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More conservative approach recommended for inpatient treatment of infants with viral lower respiratory infection

In the United States, 1 to 2 percent of all children are hospitalized for a viral lower respiratory illness (VLRI) such as bronchiolitis during their childhood. A recent study, which was supported by the Agency for Healthcare Research and Quality (contract 290-95-0042), indicates that a more conservative approach to treatment of VLRI in hospitalized infants would not affect their recovery but could reduce use of hospital resources and related costs.

Researchers from the University of Virginia Children's Medical Center in Charlottesville and International Severity Information Systems, Inc., used the Pediatric Comprehensive Severity Index and patient charts of 601 infants less than a year old with VLRI (bronchiolitis or respiratory syncytial virus pneumonia) to correlate hospital practice variation with illness severity and resource use at 10 children's medical centers. Overall, infants with similar severity of illness received very different care at different hospitals, yet nearly all had uniformly good outcomes.

Intensity of therapy bore little relationship to infants' severity of illness but was a primary determinant of hospital costs and length of stay. For example, hospital average severity of illness scores correlated negatively with frequency of pediatric intensive care unit admission and either negatively or poorly with frequency of intubation (which varied from 0 to 26 percent of infants at different hospitals) and average costs. These varied practices amidst uniformly good infant outcomes at each hospital suggest that many therapies were used indiscriminately.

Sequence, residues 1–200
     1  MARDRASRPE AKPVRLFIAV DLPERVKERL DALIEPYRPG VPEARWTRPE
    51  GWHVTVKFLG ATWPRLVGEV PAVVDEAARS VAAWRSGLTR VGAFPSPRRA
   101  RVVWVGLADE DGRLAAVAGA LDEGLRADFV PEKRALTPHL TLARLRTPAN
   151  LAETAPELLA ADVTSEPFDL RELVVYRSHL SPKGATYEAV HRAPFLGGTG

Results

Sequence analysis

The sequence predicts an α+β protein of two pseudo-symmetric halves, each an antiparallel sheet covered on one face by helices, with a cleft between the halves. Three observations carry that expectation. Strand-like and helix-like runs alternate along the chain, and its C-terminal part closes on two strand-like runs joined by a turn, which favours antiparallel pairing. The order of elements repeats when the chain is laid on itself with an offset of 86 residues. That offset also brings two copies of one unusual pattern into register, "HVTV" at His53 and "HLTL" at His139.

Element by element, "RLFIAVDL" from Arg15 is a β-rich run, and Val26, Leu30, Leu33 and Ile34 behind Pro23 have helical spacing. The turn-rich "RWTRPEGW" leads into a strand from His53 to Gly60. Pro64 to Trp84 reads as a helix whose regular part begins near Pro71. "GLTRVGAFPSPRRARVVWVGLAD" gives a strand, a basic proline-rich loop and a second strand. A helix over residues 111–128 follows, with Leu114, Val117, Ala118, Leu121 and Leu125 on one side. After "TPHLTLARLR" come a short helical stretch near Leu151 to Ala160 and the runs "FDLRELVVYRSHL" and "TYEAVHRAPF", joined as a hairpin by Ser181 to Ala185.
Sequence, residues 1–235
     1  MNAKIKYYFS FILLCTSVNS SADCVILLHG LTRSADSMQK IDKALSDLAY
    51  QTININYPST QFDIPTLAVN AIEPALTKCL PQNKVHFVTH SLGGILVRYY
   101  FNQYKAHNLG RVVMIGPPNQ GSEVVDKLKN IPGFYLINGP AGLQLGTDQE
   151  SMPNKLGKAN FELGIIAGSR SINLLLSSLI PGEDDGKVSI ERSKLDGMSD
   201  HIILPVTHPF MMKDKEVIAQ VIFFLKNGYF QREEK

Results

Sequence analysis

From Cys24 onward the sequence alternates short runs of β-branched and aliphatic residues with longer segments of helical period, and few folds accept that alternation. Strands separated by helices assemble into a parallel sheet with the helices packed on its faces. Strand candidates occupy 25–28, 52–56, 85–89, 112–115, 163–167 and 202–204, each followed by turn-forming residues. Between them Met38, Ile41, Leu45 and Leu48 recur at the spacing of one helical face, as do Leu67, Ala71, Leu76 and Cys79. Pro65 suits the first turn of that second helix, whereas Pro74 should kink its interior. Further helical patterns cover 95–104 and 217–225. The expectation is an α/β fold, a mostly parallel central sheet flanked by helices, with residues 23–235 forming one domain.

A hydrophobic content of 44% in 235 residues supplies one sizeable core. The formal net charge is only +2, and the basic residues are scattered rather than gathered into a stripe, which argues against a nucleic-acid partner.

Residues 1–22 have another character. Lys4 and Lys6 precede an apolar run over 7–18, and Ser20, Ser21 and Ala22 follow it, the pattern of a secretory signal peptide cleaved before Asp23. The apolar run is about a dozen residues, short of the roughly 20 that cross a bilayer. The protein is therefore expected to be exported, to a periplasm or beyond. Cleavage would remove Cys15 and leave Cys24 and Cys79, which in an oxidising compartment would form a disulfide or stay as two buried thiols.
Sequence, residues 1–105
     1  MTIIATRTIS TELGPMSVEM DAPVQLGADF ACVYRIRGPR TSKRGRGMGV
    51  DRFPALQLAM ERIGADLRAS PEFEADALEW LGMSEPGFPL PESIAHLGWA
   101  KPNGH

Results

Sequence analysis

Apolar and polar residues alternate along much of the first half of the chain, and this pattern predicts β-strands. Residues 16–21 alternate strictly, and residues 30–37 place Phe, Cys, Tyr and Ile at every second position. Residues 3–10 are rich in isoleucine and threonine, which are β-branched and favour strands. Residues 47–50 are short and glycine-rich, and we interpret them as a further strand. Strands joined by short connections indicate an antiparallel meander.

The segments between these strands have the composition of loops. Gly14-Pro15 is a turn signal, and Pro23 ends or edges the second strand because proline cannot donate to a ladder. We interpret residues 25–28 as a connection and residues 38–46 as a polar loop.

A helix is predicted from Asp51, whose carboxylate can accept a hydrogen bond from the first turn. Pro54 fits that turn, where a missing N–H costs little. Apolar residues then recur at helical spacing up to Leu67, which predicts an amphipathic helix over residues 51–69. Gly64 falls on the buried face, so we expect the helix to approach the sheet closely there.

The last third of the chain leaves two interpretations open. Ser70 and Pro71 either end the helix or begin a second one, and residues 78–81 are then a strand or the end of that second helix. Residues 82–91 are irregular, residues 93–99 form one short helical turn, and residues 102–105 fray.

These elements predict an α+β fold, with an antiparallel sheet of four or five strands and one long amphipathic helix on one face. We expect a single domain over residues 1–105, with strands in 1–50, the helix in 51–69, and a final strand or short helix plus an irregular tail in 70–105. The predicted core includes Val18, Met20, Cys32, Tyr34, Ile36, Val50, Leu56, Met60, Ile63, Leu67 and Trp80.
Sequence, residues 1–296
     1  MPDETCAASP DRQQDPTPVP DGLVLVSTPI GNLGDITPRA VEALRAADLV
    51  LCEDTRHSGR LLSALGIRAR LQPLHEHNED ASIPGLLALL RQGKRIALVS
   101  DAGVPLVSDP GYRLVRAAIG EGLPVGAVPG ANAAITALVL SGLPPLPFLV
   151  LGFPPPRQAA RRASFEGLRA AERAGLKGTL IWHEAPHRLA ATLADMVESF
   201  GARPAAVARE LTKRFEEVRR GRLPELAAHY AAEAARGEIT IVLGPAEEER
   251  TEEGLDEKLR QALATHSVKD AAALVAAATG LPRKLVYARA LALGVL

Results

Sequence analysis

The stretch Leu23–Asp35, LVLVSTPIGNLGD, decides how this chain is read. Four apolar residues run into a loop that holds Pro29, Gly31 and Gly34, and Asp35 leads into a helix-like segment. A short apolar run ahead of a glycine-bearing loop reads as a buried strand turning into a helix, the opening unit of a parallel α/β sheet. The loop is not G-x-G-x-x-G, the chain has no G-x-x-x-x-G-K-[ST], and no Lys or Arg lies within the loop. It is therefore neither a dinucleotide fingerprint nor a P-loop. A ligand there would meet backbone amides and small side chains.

For example, antibiotics were used in 64 percent of infants despite the accepted viral basis of this disease and the rarity of additional bacterial infection. Also, despite a demonstrated lack of efficacy of corticosteroids in VLRI, one hospital used them in 61 percent of infants. The use of inhaled beta agonists in 92 percent of patients was more difficult to assess because the literature is equivocal. Use of other therapies was similarly idiosyncratic. Greater hospital use of each of these interventions was associated with higher costs, and some were associated with longer hospital stays.

See "Effect of practice variation on resource utilization in infants hospitalized for viral lower respiratory illness," by Douglas F. Willson, M.D., Susan D. Horn, Ph.D., Owen Hendley, M.D., and others, in the October 2001 Pediatrics 108(4), pp. 851-855.

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